In either case, your position will be much the same: aiming to show an effective defence or reason why your liability should be reduced.
18. Is there any time limit on when I can be sued for damage or injury caused by my product?
The plaintiff must bring their case within three years of the date of injury (or of the date when they became aware that they had a claim against you). In any case, you cannot be sued more than ten years after you supplied the product.
19. What should I do if someone is taking legal action claiming that my product caused damage or an injury?
Take legal advice. You will need to establish the facts of the case and whether you have a reasonable chance of defending a claim or at least reducing any liability (see 21).
If the claim is valid it will almost always be worth trying to negotiate a settlement rather than going to trial. Given the risks and costs of going to court, it can sometimes be worth negotiating a settlement even if you feel you have a good defence.
20. Will settling a case encourage other people to sue me as well?
Other people may become keener to take action if they see the chance of winning a large settlement. However, cases are generally settled without any admission that you are at fault, and can include a confidentiality agreement. Settling one case does not necessarily mean that you will have to settle others.
21. What is the position on product liability if my product is supplied to overseas markets, and which country's laws apply?
Product liability claims will generally be brought wherever the harm is suffered. So, for example, someone who is injured overseas by a product you exported will sue you in their local courts, under local laws.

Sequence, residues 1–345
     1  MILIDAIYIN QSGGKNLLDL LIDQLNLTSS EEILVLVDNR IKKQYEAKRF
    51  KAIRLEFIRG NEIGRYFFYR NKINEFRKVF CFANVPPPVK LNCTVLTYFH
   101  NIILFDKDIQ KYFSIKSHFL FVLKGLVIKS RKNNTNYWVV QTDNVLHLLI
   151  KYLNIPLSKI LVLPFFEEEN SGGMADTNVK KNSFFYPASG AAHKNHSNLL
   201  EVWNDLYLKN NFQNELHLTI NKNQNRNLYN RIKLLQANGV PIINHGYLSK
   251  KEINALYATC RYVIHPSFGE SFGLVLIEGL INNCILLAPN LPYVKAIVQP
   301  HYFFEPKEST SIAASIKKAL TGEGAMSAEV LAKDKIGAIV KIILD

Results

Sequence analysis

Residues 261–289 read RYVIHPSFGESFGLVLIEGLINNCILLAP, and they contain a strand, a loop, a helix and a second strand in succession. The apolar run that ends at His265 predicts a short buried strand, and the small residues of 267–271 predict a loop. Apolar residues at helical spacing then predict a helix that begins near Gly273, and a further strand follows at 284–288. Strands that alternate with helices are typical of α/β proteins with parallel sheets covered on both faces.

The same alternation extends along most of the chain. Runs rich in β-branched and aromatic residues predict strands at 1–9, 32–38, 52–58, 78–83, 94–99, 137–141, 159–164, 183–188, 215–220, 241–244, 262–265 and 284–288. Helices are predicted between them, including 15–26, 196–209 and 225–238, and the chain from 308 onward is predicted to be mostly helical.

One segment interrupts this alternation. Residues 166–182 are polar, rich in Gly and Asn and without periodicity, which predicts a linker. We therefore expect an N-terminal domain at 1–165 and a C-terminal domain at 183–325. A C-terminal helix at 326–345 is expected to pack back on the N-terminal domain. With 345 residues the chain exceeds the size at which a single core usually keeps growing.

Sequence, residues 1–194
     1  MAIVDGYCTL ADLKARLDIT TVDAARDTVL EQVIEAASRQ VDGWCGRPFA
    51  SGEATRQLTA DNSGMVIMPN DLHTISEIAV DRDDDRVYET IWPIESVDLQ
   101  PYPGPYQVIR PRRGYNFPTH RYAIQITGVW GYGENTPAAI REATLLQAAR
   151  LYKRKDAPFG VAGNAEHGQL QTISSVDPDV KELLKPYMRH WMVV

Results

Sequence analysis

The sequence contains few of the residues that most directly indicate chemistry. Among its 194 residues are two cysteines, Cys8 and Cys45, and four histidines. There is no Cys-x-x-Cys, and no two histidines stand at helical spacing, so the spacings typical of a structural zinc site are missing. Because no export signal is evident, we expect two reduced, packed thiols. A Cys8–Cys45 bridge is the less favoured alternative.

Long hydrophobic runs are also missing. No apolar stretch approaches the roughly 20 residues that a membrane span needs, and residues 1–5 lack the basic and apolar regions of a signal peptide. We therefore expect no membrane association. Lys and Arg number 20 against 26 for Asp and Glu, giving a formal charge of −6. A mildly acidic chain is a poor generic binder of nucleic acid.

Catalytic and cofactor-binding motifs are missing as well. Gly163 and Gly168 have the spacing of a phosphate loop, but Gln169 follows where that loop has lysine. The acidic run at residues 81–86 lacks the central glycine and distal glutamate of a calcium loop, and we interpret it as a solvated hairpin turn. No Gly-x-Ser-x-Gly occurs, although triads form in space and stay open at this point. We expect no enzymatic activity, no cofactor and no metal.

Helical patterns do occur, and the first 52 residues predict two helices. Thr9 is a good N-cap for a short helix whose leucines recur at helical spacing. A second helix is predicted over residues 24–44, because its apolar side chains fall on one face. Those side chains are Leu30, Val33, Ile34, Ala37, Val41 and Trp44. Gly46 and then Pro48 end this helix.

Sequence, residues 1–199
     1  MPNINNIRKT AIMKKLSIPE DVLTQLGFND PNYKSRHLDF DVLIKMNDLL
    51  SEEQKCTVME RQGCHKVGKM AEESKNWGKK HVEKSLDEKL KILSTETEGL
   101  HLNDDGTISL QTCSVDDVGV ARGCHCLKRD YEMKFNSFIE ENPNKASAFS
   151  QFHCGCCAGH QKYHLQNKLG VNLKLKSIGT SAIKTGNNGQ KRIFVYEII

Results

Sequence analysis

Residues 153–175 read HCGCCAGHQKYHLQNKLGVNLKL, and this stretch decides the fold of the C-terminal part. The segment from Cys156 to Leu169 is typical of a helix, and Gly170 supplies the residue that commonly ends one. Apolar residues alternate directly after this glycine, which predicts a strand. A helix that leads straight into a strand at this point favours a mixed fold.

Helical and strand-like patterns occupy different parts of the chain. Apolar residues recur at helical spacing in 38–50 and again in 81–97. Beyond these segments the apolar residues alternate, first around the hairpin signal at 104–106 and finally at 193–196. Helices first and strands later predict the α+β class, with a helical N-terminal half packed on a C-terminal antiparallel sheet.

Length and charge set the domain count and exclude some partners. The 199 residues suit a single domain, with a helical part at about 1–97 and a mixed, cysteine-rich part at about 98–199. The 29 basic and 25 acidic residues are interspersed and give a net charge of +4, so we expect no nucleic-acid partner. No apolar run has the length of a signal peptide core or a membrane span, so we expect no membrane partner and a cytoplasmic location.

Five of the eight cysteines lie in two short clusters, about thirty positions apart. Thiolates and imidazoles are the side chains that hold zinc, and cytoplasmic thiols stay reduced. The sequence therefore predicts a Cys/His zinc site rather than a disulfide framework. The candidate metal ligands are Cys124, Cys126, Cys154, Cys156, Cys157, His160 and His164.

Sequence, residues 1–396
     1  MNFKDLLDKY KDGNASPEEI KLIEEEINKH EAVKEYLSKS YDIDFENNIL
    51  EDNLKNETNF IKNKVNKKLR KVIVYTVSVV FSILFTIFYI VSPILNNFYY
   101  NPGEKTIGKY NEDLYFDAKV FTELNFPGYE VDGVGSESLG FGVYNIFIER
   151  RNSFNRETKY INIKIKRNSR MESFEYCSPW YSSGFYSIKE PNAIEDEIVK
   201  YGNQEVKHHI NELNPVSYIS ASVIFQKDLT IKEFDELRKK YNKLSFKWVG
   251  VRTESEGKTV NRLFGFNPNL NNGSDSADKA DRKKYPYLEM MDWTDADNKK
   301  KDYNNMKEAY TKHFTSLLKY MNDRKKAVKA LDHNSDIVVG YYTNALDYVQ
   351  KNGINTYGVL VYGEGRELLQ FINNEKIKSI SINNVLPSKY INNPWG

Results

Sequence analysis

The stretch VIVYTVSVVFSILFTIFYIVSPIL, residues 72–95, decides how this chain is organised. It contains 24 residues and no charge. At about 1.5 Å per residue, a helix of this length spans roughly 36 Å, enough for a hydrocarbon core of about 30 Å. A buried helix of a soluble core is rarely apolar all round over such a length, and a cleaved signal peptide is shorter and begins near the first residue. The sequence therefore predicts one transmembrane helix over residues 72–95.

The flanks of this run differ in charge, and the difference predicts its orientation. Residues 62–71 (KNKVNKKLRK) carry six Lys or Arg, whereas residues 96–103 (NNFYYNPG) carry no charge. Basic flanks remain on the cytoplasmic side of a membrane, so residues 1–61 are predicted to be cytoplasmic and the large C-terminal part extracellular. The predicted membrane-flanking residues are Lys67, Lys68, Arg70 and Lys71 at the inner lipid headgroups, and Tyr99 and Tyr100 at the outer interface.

22. What defences are there if someone sues over an injury caused by my product?
There are six defences:
- you did not supply the product (for example, if it was stolen or is a counterfeit)
- you could not reasonably be expected to have discovered the problem at the time you supplied the product (for example, because scientific knowledge was less advanced then)
- the defect was the inevitable result of complying with the law (for example, following a legally required procedure)
- the defect was not in the product when you supplied it (for example, if the distributor later mishandled it)
- the product was not supplied in the course of business (for example, it was a gift made in a personal capacity)
- if you supplied a component, showing that the defect was caused by the design of the finished product or by a faulty specification given to you by the manufacturer
You may also be able to reduce your liability if you can show that the plaintiff contributed to the problem though their own carelessness.
Simply showing you took reasonable precautions to avoid defects is not a defence. No matter how much care you took, if you produce a defective product you are liable (unless you have one of the six defences listed above).
23. Am I liable for a defective product from overseas which I have supplied?
If you imported the product into the European Union (EU) from outside, you will be liable in the same way as if you had produced the product yourself.
If, however, you import the product from within the EU, as long as you identify your supplier when asked to do so, you should not be liable in this way. You might, however, still face prosecution (rather than being sued) if you did not take reasonable steps to ensure that the product was safe.